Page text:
It was recently announced that new FHA loans will have improved guidance for how to handle student loan debt. Previously, if your student loans were in deferment or otherwise did not carry a monthly payment, FHA mortgage lenders were required to count 1% of your outstanding student loan balance against your debt-to-income ratio (DTI). New guidelines established in August of 2021 will cut that in half.
FHA affordability is not black and white, but FHA lenders like to see a DTI less than 43%, which is to say your total monthly debt payments do not exceed 43% of your gross monthly income. If a potential FHA homebuyer has $75,000 in student loans that won’t go into repayment for a couple of years, mortgage lenders were required to use a $750 monthly payment when qualifying the borrower. The new rule that goes into effect on Monday cuts that number to $375. While that might not seem like much, $375 per month is about $80,000 in purchase power at today's mortgage rates.
When does the new rule apply?
If you have student loans, they will typically show up on your credit report. If you are in the repayment period, the payment on your credit report is usually the minimum amount required to repay the loan within your given term and is what your lender will include in your DTI. In cases such as these, the rule won’t apply.
However, if your loan is not in repayment, including deferment, forbearance, or other agreement with the lender, your credit report may or may not show a payment. If it shows a payment, your mortgage lender will use that payment in your DTI calculation unless you can document that your payment will in fact be lower. Again, in this situation the rule will not apply. Either your actual documented payment or the payment displayed on your credit report will be used.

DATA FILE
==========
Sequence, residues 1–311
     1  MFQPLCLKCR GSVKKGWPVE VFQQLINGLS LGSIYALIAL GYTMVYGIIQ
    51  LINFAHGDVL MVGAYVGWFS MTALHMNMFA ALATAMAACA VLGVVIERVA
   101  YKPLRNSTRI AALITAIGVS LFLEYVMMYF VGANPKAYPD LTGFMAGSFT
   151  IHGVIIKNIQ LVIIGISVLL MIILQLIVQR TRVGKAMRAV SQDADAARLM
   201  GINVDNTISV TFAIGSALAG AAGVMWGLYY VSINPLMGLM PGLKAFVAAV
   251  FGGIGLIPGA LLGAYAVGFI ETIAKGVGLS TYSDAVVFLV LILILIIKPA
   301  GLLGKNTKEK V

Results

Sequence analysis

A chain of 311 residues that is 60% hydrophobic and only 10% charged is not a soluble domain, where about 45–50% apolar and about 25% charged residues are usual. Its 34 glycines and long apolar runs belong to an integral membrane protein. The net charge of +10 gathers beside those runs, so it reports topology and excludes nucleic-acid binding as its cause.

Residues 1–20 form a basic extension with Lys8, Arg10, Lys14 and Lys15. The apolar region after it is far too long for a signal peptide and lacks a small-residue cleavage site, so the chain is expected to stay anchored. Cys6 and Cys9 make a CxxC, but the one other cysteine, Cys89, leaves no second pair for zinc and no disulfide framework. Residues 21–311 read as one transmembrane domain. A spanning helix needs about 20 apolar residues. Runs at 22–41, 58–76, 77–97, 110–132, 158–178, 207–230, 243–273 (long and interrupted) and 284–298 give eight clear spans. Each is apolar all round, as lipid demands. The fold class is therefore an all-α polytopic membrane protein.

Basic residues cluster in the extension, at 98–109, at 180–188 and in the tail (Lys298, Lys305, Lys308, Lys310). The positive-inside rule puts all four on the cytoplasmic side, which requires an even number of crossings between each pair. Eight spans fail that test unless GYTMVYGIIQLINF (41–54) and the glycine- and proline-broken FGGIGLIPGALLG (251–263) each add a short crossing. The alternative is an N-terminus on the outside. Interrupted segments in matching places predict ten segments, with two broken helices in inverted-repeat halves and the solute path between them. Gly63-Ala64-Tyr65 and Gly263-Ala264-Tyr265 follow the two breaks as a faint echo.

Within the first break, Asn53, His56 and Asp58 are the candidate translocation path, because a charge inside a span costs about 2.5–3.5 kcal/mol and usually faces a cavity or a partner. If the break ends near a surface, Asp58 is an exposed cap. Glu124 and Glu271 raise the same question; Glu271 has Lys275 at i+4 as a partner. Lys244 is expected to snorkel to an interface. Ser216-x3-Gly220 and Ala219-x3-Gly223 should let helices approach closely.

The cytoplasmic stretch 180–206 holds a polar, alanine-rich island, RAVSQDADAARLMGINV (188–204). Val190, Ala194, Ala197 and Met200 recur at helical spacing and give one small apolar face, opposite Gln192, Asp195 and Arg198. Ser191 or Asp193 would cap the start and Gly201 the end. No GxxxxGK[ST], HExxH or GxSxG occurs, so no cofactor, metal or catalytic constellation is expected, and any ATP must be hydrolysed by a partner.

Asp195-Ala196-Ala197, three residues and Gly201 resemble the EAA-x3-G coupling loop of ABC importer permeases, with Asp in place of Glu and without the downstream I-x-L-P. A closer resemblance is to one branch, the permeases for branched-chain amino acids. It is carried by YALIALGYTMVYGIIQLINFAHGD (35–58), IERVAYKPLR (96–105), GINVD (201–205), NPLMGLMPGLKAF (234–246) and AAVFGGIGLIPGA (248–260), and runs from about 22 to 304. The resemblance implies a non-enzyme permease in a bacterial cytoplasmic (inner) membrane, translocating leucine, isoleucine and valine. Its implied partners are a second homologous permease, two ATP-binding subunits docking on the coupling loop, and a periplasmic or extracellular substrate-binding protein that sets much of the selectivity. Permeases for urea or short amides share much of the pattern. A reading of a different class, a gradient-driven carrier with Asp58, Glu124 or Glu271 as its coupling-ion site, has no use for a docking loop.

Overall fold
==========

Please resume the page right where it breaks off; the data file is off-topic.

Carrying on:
The final scenario is where the new 0.5% of the outstanding balance applies. If your student loans appear on your credit report but shows a payment of $0, which can happen when the loan is not in repayment, the lender will multiply the outstanding balance times 0.5% and include that figure in your DTI. In today’s environment every $100 in payment savings is about $20,000 in buying power. If you have significant student loan balances, the amount of home for which you are approved could increase substantially.
Your FHA debt-to-income ratio is an important consideration when determining how much you can spend when using an FHA loan. Many first-time homebuyers are younger borrowers entering the workforce with student loans that are yet to enter repayment. Rather than being unfairly affected by an unrealistic student loan payment, the new guidelines outlined in mortgagee letter 2021-13 will allow more home shoppers to fulfill their homeownership dreams.